Design criteria in hydraulic cylinders
Designing Hydraulic Cylinders requires many factors involved in the process.
Ignoring any of these critical steps in the design process could increase the possibility of a design mistake.
Hydraulic Cylinders have many different working conditions, and that affects the design criteria.
For example, the cylinders used in the mining & construction machines
versus forestry have other design criteria in terms of materials used.
There are a few main variables that should be taken into account while designing a hydraulic cylinder.
What to consider when specifying hydraulic cylinders?
1. Working Conditions
When specifying hydraulic cylinders, it is crucial to consider the specific working conditions in which
the cylinder will operate. Factors such as corrosive environments, falling rocks in mining applications,
or high working cycles that can cause welding fatigue and shorten seal lifespan should be taken into account.
The designer needs to determine how to protect the cylinder from water ingress if it will be operating underwater.
2. Stroking Distance Requirements
The system pressure and stroke length are important considerations when choosing suitable design elements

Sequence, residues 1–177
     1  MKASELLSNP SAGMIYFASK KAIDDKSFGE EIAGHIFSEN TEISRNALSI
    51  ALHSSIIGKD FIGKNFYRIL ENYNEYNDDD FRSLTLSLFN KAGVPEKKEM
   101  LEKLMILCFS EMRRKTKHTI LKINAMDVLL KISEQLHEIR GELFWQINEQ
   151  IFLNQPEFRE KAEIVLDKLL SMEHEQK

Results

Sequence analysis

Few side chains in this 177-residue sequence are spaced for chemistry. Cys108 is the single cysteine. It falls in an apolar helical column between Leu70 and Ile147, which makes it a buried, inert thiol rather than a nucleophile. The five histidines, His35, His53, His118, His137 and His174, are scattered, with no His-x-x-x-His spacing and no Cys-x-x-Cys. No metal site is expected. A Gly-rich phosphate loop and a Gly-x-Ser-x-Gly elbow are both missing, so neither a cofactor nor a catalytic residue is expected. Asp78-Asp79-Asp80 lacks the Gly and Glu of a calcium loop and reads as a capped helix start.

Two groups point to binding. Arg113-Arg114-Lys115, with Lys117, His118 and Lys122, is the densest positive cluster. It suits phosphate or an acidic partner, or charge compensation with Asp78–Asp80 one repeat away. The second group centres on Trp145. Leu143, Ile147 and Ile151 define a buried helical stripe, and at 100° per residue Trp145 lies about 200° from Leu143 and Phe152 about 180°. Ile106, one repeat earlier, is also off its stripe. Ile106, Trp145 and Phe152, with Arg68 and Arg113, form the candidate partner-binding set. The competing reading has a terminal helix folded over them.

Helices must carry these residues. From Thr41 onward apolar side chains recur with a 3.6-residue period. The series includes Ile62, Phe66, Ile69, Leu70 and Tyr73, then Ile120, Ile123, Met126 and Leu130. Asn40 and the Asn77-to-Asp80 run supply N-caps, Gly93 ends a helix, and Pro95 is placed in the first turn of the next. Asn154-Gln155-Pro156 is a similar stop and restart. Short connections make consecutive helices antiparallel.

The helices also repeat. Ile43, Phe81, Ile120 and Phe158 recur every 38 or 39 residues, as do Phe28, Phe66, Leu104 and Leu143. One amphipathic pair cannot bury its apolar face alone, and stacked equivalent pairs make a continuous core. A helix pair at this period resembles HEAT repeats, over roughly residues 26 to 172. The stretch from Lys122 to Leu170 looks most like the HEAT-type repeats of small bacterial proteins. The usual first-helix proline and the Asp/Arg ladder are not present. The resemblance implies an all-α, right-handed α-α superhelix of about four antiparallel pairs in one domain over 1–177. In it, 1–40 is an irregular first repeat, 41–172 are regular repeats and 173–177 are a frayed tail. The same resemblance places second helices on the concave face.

and cylinder parts. Even at shorter distances, stroke length can impact the selection of shaft thickness based
on required force. Long-stroke lengths may necessitate choosing a larger cylinder size class to prevent buckling.
Optimizing Hydraulic System performance involves comparing the positive effects against potential negatives.
Working conditions in terms of temperature, whether extremely high (desert conditions) or low
(icy weather below -30 degrees Celsius), affect the choice of fluid used in the hydraulic system.
Components must perform optimally under extreme temperature conditions
for both "hard" and "soft" design elements of cylinders.
The sliding speed of the hydraulic system should be considered when selecting suitable cylinder parts.
Excessive speed can vary depending on design engineer preferences, but as a general rule, standard hydraulic
cylinder seals can handle rates up to 0.5 meters per second. For higher-speed applications, low-friction seals
are recommended but must be balanced with potential temperature impacts on the entire hydraulic system.
Certain applications require heavy-duty systems such as mining, construction machinery, or automotive
manufacturing where cylinders typically operate at pressures ranging from 200 to 350 bars with testable
limits up to 420 bars or even higher in special cases.
Different mounting styles have their own benefits and limitations that need consideration during specification.
Fixed and pivot styles absorb forces along the cylinder's centerline and are suitable for medium-duty and
heavy-duty mounts that accommodate thrust or tension loads. Selected types allow support for the entire
cylinder by mounting surfaces below its centerline rather than solely along it.
7.Cylinder Bore Size
The required push or pull force determines bore size selection which is
related to operating pressure levels within the hydraulic system.
By considering these factors during hydraulic cylinder design specifications, engineers can ensure optimal
performance while meeting application-specific requirements across various industries.